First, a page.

Two of the major sticking points of the U.S.-India nuclear deal (or 123 Agreement) were India’s right to reprocess spent nuclear fuel, but especially the degree to which India’s access to imported nuclear fuel would be guaranteed. The reason being that India wanted to maintain its liberty of action with regards to nuclear weapons testing, while the international community wanted to make sure the IAEA and NSG safeguards agreements that allowed the deal to go through wouldn’t just be a way for India to get a free pass on the Non-Proliferation Treaty.
India viewed both the Hyde Act and the Congressional legislation giving final approval to the 123 Agreement as too restrictive on the issues. Apparently President Bush did, too, because in his signing statement, he basically asserted that the 123 Agreement, and not the Congressional authorization, would apply:
“In addition, the legislation does not change the fuel assurance commitments that the US Government has made to the Government of India, as recorded in the 123 Agreement,” he maintained.
In plain words, it meant he overruled the non-proliferation hardliners in acceding to India’s rights for reprocessing spent nuclear fuel — which critics fear will enable New Delhi to build more weapons. And he stood by the fuel assurance commitments which critics had tried to kill.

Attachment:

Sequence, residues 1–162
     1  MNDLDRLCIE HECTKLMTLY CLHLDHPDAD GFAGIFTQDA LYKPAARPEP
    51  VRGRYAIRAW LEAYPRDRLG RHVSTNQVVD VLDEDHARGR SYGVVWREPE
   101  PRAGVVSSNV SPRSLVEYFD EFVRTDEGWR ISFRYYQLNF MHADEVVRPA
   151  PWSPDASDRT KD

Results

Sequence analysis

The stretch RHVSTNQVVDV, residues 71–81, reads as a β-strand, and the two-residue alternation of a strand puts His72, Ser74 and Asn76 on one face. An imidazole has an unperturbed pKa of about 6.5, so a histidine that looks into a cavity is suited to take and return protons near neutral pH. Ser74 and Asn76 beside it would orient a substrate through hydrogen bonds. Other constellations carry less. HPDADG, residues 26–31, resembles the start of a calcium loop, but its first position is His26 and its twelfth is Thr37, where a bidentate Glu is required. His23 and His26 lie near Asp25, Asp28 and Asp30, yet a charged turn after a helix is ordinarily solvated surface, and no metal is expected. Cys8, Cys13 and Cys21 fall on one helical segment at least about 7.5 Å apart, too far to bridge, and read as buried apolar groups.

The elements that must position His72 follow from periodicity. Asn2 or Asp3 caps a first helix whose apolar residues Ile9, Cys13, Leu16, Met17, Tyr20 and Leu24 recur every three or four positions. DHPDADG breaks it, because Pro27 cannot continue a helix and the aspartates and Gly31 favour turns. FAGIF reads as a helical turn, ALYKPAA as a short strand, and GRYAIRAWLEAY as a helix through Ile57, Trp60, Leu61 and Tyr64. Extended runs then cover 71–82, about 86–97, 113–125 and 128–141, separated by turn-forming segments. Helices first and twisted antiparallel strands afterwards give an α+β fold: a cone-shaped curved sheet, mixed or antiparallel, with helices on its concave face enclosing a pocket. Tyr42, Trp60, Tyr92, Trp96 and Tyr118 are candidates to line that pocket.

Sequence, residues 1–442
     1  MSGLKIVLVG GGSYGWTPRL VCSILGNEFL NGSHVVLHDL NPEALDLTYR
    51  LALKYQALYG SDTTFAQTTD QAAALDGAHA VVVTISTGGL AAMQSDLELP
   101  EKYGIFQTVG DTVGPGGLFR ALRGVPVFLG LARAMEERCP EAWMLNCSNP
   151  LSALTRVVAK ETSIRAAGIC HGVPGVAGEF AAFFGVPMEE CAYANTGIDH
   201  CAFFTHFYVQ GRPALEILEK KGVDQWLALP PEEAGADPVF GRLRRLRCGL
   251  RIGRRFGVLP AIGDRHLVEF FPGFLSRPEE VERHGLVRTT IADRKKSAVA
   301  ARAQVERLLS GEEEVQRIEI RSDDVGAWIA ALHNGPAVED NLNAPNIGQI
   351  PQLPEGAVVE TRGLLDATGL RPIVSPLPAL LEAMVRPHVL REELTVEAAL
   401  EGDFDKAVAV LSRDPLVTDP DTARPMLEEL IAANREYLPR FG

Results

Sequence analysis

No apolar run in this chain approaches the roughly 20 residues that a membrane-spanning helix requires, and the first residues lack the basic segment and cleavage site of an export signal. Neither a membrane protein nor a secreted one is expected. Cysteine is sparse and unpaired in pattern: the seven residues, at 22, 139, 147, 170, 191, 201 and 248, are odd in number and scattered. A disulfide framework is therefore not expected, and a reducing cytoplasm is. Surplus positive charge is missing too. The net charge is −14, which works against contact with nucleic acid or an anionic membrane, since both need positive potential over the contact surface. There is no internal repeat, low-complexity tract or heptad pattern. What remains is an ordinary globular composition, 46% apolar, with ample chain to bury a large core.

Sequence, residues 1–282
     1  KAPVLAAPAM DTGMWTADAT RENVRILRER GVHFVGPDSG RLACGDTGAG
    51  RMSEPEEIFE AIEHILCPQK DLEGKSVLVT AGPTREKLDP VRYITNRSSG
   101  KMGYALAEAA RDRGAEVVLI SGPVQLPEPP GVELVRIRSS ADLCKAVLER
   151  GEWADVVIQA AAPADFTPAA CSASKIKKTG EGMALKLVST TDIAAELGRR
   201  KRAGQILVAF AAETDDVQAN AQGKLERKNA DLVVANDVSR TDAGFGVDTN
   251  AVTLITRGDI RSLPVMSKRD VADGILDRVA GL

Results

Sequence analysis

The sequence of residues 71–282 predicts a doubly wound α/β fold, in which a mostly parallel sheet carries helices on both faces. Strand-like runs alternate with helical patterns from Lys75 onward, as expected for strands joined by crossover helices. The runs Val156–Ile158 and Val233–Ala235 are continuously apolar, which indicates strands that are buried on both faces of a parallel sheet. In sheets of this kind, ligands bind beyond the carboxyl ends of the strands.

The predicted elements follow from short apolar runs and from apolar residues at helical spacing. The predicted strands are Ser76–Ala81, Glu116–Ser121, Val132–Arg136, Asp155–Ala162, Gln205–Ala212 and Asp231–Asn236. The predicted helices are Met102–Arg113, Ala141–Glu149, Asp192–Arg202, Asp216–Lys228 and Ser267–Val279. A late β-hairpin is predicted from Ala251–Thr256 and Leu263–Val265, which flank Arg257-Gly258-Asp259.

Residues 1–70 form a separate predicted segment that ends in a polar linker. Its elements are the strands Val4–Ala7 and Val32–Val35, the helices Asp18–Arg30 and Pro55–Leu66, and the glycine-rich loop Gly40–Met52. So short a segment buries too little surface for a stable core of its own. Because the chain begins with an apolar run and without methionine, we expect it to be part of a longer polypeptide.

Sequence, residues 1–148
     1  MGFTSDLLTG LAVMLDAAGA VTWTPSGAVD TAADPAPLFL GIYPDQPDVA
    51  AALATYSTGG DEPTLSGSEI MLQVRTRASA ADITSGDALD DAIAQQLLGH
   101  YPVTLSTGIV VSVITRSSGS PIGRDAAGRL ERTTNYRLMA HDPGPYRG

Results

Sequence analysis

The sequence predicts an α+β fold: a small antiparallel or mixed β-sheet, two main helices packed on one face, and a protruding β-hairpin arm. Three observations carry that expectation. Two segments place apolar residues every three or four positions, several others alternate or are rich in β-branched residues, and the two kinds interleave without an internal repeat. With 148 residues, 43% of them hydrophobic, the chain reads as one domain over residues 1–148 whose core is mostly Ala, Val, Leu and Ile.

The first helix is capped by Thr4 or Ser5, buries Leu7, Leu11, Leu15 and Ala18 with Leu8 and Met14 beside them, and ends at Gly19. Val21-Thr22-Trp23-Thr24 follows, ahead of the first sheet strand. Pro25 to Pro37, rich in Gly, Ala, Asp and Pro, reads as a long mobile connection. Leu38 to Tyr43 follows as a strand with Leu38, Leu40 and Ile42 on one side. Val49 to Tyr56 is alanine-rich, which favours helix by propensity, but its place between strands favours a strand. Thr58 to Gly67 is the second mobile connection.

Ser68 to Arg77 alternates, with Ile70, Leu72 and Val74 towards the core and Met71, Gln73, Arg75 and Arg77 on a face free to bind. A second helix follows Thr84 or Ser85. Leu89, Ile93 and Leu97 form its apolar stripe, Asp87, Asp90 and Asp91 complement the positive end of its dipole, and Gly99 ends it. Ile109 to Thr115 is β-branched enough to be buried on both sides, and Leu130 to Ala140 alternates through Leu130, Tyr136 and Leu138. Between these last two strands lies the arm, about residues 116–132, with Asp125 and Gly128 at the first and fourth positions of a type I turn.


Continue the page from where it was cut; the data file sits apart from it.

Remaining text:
Both assurances appeared to run contrary to pledges made by the administration to U.S lawmakers who codified the constrictive measures, but Bush maintained in his statement that “the legislation does not change the terms of the 123 Agreement as I submitted it to the Congress” and that the “Agreement is consistent with the Atomic Energy Act and other elements of US law.”
The U.S.-India deal could have been an opportunity to create the rules set governing India’s return from nuclear pariah status. Their nuclear industry needs foreign investment and fuel supplies, which seems like it could have been the leverage needed to get some concessions. Instead, all of the tough problems have been kicked down the road, basically left unresolved in order to get the deal signed. In effect, it’s turned a bunch of lingering but frozen disagreement into a rules set that can only be defined through a worst case scenario crisis. Given that limits tend to be tested (something that’s especially true of vague and imprecise limits), that seems like a recipe for disaster.